Hand It Over: Pennsylvania Turnpike Hiking Tolls, Again - NBC 10 Philadelphia
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Hand It Over: Pennsylvania Turnpike Hiking Tolls, Again

Drivers on the Pennsylvania Turnpike will be paying at least 6 percent more starting Sunday

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    NEWSLETTERS

    It's Going to Cost More to Ride Pennsylvania Turnpike

    This weekend, toll prices on the Pennsylvania Turnpike increase. Those paying with cash will pay 20 cents more, those with E-ZPass will pay 10 cents more than before. (Published Friday, Jan. 4, 2019)

    What to Know

    • New year means higher Pennsylvania Turnpike tolls, again. The cost to ride the highway is going up at least 6 percent.

    • The increase is needed to offset costs of upkeep on the 78-year-old toll road, the turnpike commission says.

    • Not everyone thinks it's necessary. The state auditor general says increasing tolls could eventually lead motorists to choose other roads.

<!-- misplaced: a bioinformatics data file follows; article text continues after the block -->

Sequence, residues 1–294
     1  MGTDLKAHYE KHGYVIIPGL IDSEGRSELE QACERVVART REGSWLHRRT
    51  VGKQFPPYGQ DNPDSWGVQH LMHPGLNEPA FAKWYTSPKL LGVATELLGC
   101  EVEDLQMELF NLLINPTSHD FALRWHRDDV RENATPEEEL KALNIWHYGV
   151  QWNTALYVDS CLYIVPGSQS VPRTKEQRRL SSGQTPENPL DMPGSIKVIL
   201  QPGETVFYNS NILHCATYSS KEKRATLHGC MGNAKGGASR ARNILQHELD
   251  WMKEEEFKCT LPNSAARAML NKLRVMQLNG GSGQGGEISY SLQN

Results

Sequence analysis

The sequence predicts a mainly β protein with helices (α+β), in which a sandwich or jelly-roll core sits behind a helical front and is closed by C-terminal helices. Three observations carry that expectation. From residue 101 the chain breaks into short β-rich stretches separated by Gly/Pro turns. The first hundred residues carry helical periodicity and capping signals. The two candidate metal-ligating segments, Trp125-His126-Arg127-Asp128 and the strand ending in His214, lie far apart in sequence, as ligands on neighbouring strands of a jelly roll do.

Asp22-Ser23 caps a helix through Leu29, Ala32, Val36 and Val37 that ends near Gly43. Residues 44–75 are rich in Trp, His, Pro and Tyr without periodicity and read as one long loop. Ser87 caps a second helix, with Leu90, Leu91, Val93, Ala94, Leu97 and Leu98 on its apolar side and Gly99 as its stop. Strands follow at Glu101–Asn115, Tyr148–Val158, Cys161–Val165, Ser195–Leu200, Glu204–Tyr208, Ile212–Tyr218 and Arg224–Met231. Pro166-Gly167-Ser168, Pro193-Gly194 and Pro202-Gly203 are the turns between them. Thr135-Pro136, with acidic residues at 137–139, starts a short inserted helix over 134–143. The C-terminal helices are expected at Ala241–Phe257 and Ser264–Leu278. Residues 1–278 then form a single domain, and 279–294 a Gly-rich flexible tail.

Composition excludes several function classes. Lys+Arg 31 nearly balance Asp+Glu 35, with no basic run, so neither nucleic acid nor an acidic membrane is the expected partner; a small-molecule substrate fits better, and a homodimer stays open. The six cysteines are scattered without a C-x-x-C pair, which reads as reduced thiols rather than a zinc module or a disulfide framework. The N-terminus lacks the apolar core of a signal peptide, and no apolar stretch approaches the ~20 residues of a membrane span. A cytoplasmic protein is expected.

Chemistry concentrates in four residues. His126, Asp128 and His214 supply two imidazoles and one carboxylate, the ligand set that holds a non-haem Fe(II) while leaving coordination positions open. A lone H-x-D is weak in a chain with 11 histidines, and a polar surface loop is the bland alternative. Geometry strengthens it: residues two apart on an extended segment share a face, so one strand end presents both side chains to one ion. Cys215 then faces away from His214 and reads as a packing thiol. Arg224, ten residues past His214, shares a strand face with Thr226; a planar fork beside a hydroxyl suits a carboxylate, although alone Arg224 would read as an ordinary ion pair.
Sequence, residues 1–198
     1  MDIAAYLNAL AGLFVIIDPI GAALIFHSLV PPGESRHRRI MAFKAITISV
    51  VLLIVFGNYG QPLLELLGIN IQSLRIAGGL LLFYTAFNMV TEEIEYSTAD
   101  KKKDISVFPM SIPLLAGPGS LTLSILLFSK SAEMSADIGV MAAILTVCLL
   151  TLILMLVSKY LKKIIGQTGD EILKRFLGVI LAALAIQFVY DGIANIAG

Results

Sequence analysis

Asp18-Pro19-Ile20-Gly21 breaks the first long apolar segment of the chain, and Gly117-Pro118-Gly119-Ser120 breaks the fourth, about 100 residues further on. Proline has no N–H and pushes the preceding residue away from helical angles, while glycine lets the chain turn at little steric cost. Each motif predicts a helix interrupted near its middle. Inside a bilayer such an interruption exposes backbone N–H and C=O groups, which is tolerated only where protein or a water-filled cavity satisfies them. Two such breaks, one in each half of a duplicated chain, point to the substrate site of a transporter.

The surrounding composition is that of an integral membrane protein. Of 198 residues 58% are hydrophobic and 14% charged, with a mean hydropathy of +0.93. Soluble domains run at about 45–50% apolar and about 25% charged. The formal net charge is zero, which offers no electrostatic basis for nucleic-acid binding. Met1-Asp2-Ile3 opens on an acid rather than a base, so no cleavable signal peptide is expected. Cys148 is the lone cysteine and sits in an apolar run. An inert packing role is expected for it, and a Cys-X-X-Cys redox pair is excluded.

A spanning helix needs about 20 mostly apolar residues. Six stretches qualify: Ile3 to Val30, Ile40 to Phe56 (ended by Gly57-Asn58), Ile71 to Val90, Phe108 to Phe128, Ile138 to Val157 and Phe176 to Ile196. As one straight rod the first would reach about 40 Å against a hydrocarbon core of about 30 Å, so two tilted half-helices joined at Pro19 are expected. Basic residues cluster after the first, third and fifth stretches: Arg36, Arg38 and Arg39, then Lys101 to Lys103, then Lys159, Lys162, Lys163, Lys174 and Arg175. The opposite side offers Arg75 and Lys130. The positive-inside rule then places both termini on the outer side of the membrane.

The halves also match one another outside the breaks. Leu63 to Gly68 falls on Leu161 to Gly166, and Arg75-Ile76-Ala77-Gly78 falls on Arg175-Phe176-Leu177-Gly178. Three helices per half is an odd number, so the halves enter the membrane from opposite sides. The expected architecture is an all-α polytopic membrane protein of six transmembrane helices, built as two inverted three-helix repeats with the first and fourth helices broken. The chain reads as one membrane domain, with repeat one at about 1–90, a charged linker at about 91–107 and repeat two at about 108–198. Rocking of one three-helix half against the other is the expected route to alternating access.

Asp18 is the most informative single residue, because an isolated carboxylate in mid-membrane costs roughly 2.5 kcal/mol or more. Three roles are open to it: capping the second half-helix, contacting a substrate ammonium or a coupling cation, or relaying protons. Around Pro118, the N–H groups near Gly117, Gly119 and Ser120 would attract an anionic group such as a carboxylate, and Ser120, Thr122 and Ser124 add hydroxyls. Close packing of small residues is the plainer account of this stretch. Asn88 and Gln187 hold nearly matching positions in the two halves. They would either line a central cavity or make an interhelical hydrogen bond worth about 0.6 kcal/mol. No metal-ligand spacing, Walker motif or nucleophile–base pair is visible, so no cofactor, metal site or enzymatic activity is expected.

If a new year is beckoning, Pennsylvania Turnpike tolls must be about to go up.

    For the 11th year in a row, motorists will pay more to drive the turnpike. The increase covers all parts of the turnpike including the 359-mile roadway that stretches from the Delaware River to Ohio, the 110-mile Northeast Extension that runs from the Philadelphia suburbs to northeastern Pennsylvania and the 83 miles of the Western Expansion.

    The increase is needed to offset costs of upkeep on the 78-year-old toll road, Pennsylvania Turnpike Commission CEO Mark Compton said. "We owe it to customers, who pay a premium to travel, to invest in our road and make it safer, smoother and wider.”

    Eighty-four percent of the turnpike’s $552 million capital budget will go to the improvements on the highway.

    Tolls will rise 6 percent for all motorists beginning Sunday. For passenger vehicles traveling the length of the Turnpike, that means an increase from $55 to $58.30 for cash payers and $39.25 to $41.60 for E-ZPass tag holders. (Click here for toll costs.)

    Not everyone thinks it's necessary. State Auditor General Eugene DePasquale said increasing tolls could eventually lead motorists to choose other routes. His office is conducting a review of turnpike finances and usage.

    Compton told the Pittsburgh Post-Gazette the agency hasn't seen signs of a sustained drop in usage. The turnpike carried more than 200 million vehicles last year, Compton said.